Look for the Ewoldsen/Canyon trail sign at the eastern end of the parking area. The trail immediately heads into the lush redwoods along the north side of McWay Creek, and threads through the trees to the first of several bridges.
Right after the first bridge is a spur to the left that heads up the creek a ways and then dead ends at Canyon Falls. Instead, take the right fork to continue up to the loop. After a steep switchback climb, you'll walk through more redwood groves, cross another bridge and hike above the creek until you find yourself at the beginning of the loop proper.
The loop starts roughly a mile from the parking area, and is a two mile round trip. For the most scenic views on the loop, go right (counter-clockwise) where you'll wind your way around McWay Canyon, criss-crossing the creek several times among spectacular redwood trees and huge rock formations. You'll soon emerge from the forest along the sides of the canyon for some sizable views of the surrounding area.
About half way around the loop, you'll come across a turn off on the right for the view point. By all means take this little side detour up the side of the hill! The path is fairly short and ends up at an exceptional coastal vantage point where California Condors have been known to roost.
You are now up with the oak trees and this is a great spot to take photos or even hang out and have a snack.
Head back down to the loop, and continue along to another spectacular ridge above Highway 1 where you can see evidence of recent massive erosion control efforts. The trail along the ledge here is narrow, so be careful not to slipyou would likely end up in the middle of Highway 1 a thousand feet below!
The loop eventually returns you to its beginning, where you'll want to turn right back onto the path to the parking area. If you take this trail later in the afternoon, the return trip after the loop offers a sublime view of the sun streaming through the trees as it lowers in the west.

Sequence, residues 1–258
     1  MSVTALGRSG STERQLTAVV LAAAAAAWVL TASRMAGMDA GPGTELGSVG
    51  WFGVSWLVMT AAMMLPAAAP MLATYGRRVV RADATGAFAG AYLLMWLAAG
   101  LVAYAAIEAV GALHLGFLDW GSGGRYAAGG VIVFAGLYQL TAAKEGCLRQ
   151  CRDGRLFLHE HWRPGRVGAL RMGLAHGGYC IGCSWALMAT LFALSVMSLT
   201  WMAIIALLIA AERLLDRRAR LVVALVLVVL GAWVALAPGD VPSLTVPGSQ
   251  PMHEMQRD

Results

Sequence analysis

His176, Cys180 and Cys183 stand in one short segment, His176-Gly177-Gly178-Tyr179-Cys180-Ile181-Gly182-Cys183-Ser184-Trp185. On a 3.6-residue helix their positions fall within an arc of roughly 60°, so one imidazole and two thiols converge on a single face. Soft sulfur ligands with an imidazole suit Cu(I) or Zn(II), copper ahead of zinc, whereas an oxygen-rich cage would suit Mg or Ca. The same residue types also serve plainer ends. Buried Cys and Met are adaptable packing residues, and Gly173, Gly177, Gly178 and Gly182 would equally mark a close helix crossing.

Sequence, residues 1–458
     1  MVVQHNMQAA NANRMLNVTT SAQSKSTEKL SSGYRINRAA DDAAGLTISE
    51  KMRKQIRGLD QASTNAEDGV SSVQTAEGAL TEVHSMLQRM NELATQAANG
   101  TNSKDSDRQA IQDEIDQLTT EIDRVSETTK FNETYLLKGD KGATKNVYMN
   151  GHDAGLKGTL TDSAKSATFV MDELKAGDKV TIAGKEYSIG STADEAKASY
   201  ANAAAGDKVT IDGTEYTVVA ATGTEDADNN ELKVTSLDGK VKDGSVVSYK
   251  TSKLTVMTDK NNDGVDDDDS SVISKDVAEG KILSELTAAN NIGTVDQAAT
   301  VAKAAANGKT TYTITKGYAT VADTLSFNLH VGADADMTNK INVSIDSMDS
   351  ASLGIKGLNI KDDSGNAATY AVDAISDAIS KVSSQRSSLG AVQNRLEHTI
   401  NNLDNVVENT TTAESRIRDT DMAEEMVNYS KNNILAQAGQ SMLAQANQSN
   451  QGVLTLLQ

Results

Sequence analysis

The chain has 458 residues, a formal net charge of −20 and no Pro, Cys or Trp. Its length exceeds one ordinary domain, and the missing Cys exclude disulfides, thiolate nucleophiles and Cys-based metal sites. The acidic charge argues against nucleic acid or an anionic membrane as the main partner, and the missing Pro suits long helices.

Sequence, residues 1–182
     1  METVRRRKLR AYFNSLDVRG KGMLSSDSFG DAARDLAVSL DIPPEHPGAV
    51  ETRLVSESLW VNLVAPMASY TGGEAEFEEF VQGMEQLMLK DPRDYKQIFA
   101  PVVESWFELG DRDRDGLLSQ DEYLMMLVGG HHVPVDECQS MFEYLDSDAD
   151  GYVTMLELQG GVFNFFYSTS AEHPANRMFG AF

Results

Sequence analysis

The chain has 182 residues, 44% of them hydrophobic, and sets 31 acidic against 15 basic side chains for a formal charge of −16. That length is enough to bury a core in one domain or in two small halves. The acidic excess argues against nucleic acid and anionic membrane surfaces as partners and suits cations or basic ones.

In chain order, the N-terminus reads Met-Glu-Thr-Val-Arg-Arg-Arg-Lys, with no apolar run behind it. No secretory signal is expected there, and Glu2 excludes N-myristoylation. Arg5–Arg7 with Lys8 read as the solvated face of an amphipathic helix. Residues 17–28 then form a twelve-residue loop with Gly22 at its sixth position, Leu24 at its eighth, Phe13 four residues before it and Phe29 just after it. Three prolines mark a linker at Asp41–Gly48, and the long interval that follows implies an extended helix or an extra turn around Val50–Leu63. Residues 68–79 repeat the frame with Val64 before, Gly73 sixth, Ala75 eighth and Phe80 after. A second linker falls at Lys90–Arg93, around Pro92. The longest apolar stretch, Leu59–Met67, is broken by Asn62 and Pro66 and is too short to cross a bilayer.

Head up the short Canyon Falls spur described above for a view of the 30 foot falls. If you only have a short time for the Ewoldsen trail, heading straight to the falls and back and skipping the loop is a good strategy. And if you haven't already done it yet, head west across the parking lot and go see McWay Falls.
Julia Pfeiffer Burns State Park (3,762 acres) is well marked and easy to spot off Highway 1. The entrance is about 37 miles south of Carmel, or 12 miles south of Pfeiffer Big Sur State Park (note that the two parks have similar names but are 12 miles apart). From the south, the entrance is about 48 miles north of Ragged Point (which is 20 miles north of San Simeon).
If you park in the official parking area, go to the east end of the lot and look for the trail head and sign. Visitors can also park for free outside of the park along the west side of Highway 1. If you do park here, you'll want to head east across the highway and towards the parking lot to your left.
Links To More Information
Where this trail lies along the Big Sur coast
Topo map of the trail area
TerraServer USA aerial photo
Ventana Wildlife Society condor info
California State Parks info page